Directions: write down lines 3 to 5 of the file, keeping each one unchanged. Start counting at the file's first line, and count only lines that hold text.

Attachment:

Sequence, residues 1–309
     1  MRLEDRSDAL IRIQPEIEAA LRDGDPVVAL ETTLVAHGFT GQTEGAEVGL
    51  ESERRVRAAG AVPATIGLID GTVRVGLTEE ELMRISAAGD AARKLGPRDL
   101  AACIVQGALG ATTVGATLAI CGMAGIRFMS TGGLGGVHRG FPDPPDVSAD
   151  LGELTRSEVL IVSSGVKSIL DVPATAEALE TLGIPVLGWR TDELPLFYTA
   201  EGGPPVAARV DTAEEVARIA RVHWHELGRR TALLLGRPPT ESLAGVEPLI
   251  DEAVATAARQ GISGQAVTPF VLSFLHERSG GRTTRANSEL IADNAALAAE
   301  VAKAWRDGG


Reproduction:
    51  ESERRVRAAG AVPATIGLID GTVRVGLTEE ELMRISAAGD AARKLGPRDL
   101  AACIVQGALG ATTVGATLAI CGMAGIRFMS TGGLGGVHRG FPDPPDVSAD
   151  LGELTRSEVL IVSSGVKSIL DVPATAEALE TLGIPVLGWR TDELPLFYTA